Targeting suspects during a criminal investigation can be challenging when technology provides a finite amount of resources that can lead law enforcement to the individual in question.
In Pennsylvania, authorized law enforcement can access the state’s Justice Network (JNET) to access critical information for investigations. The JNET Facial Recognition System allows about 500 of JNET’s 40,000 users – individuals from local, state and federal law enforcement – to narrow down a search for a suspect by comparing images from sources like surveillance footage and social media sites against a statewide criminal database containing 3.5 million photos, according to JNET officials.
But since JNET’s Facial Recognition System could only compare photos against images of previously arrested or convicted criminals listed in the statewide database, JNET needed a new method for finding suspects unknown to law enforcement. To broaden its image comparison capabilities, in May, JNET’s facial recognition technology was integrated with the Pennsylvania Department of Transportation (PennDOT)’s facial recognition system. PennDOT stores 36 million driver’s license and identification photo images in a photo repository.
PennDOT maintains its own facial recognition system due to concerns over the issuance of duplicate or fraudulent licenses. Luci Stone, a JNET criminal biometrics specialist, said because the system is only used for those specific criminal investigation purposes, the technology is not in use for image comparisons on the general public.
“They’re looking to make sure no one steals someone’s identity or tries to get a couple different licenses,” said Stone.
And the same goes for the newly integrated system. Stone said law enforcement must adhere to citizen privacy guidelines and can only use the integrated facial recognition technology when pursuing a suspect during an investigation.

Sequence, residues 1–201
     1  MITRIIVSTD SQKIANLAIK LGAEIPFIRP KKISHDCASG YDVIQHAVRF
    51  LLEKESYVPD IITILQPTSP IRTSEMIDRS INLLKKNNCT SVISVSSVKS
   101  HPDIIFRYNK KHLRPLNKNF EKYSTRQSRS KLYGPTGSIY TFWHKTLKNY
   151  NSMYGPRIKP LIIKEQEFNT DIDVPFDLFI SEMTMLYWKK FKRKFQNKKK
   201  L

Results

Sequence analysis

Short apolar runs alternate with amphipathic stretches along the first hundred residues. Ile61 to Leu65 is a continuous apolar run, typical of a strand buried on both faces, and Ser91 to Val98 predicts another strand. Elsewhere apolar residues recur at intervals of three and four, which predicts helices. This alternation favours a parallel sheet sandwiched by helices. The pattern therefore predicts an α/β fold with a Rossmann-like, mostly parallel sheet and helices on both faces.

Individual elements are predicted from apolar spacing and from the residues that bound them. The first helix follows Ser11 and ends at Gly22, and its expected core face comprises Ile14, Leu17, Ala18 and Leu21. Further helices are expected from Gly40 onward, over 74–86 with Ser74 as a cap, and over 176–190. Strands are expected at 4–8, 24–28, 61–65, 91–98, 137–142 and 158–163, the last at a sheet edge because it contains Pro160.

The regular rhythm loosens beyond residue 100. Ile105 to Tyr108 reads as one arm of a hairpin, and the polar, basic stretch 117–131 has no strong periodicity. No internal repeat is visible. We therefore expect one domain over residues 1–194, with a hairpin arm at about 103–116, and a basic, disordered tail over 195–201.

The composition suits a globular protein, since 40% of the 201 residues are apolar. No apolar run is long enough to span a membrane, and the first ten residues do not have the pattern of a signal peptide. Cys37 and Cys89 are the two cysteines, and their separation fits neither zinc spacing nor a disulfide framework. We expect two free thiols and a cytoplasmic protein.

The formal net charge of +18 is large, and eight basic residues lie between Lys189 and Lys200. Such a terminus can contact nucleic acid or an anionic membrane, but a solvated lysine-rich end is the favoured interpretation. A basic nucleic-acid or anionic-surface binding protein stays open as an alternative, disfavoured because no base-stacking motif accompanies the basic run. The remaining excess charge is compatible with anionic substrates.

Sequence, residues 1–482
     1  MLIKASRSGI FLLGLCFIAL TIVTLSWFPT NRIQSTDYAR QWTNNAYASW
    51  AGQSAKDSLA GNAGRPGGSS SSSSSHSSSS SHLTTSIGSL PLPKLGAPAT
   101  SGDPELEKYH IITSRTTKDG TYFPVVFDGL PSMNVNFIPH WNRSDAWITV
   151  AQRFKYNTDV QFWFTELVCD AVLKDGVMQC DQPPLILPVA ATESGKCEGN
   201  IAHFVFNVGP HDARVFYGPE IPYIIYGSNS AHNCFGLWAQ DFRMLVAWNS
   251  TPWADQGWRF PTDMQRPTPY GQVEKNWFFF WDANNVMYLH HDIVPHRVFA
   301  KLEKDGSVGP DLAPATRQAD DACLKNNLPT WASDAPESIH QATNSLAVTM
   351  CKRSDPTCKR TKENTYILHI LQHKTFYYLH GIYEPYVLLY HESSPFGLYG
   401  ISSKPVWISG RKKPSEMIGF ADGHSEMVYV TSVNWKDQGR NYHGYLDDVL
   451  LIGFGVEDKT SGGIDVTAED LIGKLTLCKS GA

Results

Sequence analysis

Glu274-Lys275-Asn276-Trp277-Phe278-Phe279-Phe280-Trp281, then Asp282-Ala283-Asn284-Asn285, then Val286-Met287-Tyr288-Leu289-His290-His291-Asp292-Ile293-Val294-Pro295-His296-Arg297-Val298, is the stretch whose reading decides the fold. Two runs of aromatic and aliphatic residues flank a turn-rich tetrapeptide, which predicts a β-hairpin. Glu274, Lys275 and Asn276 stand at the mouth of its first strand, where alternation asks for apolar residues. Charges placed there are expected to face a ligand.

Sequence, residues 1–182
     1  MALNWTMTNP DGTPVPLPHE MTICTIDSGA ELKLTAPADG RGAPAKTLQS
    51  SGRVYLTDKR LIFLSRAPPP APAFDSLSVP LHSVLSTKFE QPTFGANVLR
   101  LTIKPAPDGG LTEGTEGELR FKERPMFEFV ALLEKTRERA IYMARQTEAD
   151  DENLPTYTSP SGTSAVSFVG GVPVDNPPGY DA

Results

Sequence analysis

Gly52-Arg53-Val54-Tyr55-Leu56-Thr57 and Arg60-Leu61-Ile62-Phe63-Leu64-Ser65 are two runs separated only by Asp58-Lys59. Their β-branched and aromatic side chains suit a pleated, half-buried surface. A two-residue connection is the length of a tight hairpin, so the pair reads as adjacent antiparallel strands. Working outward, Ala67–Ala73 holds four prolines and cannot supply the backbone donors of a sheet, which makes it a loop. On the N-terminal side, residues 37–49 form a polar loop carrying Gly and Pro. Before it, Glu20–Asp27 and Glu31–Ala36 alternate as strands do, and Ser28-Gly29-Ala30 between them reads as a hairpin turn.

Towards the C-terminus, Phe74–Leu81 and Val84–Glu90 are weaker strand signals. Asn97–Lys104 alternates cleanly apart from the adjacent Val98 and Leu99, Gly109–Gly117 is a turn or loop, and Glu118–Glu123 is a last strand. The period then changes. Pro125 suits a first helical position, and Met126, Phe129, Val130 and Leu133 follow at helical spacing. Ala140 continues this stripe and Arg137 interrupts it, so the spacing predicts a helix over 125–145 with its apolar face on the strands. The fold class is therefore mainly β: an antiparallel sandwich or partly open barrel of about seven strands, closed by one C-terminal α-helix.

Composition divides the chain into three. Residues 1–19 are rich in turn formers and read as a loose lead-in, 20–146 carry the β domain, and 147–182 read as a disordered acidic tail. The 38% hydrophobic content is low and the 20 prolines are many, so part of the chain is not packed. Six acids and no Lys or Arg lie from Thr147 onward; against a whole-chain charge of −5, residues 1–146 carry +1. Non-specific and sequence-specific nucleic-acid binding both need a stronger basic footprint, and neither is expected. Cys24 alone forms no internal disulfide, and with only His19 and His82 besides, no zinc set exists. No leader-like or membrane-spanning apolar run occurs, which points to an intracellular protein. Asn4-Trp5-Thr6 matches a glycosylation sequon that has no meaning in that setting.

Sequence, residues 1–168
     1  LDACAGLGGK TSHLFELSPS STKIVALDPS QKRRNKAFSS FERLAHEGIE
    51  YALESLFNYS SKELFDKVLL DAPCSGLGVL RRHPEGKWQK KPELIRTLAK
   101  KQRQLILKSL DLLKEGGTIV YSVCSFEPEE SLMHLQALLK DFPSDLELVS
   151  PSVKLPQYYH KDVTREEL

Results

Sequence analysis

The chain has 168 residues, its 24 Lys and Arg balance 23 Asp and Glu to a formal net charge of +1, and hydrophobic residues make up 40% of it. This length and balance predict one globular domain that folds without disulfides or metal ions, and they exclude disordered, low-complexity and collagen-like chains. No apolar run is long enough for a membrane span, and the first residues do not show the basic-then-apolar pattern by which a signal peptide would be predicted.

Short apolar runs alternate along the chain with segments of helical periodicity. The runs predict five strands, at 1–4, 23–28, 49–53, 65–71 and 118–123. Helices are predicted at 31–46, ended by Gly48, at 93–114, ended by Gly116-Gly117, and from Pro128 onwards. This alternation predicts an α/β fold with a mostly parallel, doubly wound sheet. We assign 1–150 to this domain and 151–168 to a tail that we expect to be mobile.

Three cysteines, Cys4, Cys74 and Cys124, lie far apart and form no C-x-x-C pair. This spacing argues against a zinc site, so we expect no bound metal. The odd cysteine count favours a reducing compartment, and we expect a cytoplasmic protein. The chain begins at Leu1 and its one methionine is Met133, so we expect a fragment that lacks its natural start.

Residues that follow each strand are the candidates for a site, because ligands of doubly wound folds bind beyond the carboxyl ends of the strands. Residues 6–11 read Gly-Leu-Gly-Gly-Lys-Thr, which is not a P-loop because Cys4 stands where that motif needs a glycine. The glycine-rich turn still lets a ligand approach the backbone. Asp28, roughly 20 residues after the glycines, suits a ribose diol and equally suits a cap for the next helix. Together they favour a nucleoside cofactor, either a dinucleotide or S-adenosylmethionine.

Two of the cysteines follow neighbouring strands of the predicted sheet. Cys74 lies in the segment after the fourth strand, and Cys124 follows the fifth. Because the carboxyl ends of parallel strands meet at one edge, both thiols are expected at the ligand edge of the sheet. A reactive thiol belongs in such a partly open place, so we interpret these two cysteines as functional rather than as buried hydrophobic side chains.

PennDOT’s facial recognition system was previously only available to a small group of users including the Pennsylvania State Police and the Office of Attorney General. Once the facial recognition systems were integrated, JNET officials report that the single interface still upholds law enforcement policies and citizen privacy.
“There came an opportunity recently for us to integrate the two systems and really do two things at once,” said Dave Naisby, JNET’s executive director. “The first was reduce costs for the Commonwealth, but then the second was to allow our users who had access to both systems the opportunity to search both systems through one user interface.”
According to Stone, only investigators and detectives who have been trained to use the facial recognition system can search across both the criminal and PennDOT databases by using three unique search algorithms.
Now that both systems have been integrated onto a single interface, Stone said results have been positive. Members of law enforcement have gotten leads using the integrated system that have led to suspects being caught.
According to JNET, the project cost the state $75,000 to develop, test and deploy.